27 Oct
A Time to Remember: Part One

As people dash about, picking up Halloween treats and costumes, this weekend, they may notice that memorial Poppies are for sale. The last Friday of October, which happens to be today, marks the beginning of the Canadian Legion's yearly Poppy campaign. I learned a great deal about the history and protocol of the Poppy while researching I Love Poppies published in November of 2015. On the Royal Canadian Legion Website, we learn that when we wear a Poppy, we are making a visual pledge to never forget those who served so that we might live in peace. When you see Poppies available, please make a donation, and pin a Poppy to your coat.   

This past winter, my husband discovered the Canadian Fallen Heroes website. The site inspired us to, formally, honour a fallen hero from Rosetown, Saskatchewan, our hometown. My husband and I decided that since we were celebrating our 50th high school reunion in October 2017, and the planning committee would be renting the Legion Hall for some of our social events, it would be the perfect opportunity to present our Fallen Hero memorial to representatives of the legion, while sharing the idea of celebrating Canadian Fallen Heroes with our classmates. Some Legion Halls have had the joy of dedicating entire walls to these beautiful memorials. There is a photo of the Camrose Legion Hall, and their wall of heroes, on the Fallen Heroes site. If you are touched by the stories of our Canadian Fallen Heroes, you can purchase a memorial for $500.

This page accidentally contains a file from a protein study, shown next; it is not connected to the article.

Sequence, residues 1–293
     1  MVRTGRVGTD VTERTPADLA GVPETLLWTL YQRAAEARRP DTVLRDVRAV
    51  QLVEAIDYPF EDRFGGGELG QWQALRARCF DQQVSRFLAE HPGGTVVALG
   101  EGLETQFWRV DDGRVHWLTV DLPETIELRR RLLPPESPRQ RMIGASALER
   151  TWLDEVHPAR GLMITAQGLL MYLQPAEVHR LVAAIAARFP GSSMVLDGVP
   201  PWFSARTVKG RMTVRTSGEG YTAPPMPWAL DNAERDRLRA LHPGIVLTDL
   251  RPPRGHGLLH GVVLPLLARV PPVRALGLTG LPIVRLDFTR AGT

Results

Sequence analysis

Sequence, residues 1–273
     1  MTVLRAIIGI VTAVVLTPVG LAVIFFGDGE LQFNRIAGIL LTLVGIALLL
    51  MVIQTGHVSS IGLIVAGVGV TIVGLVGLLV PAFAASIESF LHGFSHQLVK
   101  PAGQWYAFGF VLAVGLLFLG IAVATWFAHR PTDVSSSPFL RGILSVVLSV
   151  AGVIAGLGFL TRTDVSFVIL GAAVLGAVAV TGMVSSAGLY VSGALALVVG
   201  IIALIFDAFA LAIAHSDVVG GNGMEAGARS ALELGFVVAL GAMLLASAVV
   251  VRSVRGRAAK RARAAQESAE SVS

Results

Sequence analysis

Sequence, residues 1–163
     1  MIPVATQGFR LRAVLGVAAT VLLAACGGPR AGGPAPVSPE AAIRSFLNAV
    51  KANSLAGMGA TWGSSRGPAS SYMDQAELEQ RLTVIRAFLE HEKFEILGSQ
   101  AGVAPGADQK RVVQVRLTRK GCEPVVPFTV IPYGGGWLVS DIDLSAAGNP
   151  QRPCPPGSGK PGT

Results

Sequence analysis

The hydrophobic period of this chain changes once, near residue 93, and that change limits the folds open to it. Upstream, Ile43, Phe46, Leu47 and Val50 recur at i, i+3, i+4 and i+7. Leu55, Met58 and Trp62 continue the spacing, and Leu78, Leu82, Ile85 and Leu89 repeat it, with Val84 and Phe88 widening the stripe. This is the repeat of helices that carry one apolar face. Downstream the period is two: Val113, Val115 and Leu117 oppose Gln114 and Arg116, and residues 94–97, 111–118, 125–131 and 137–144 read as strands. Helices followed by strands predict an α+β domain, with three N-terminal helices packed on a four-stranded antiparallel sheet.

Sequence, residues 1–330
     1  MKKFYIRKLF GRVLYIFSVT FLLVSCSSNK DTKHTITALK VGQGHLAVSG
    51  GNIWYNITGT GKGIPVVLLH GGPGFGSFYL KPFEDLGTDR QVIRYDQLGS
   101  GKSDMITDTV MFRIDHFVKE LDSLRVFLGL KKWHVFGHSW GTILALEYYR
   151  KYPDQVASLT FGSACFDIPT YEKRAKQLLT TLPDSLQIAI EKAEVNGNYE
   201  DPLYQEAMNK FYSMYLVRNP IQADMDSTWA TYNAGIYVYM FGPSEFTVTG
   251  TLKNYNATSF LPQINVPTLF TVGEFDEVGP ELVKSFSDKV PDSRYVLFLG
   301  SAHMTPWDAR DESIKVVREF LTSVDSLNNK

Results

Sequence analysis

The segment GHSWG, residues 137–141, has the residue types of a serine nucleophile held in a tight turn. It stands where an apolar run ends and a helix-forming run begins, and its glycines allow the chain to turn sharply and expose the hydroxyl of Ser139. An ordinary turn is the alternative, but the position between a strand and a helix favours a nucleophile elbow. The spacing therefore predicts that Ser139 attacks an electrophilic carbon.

We chose Walter Colin Ahrens, as our fallen hero, partly because we knew of his family, and, partly, because the writeup touched us. I learned that when Walter died his sister was eight months pregnant. A month after losing her brother, she gave birth to a baby boy. She named him Colin, in remembrance. Colin attended our memorial presentation and was thrilled to see his uncle up on the wall in the Rosetown Canadian Legion Hall. We spoke at length to the veterans in attendance and to the reporter from the Rosetown Eagle. It was a memorable moment for us.

When I asked my husband what he felt about the Canadian Fallen Heroes initiative, he said, “Well, at our reunion, we were celebrating 50 years of life since our grade twelve graduation, and Walter Colin Ahrens died at 23, five years out of high school. It makes me think how fortunate we have been.”

This year my husband and I will proudly wear Memorial Poppies in remembrance of our family members who served their country, but we will also remember Walter Colin Ahrens. His story can be found on the Canadian Fallen Heroes website.  



Comments (2)

  • The Boy
    October 28, 2017 at 07:41 am

    There aren't many vets from the second world war left. If you happen to meet one on November 11th, thank him or her for your freedom.

  • marion murawsky
    October 27, 2017 at 10:09 pm

    It is easy to forget the Fallen Heroes. Your blog is a great reminder that we all have a duty as surviving citizens to honour those who fought for our country. Thanks Maureen

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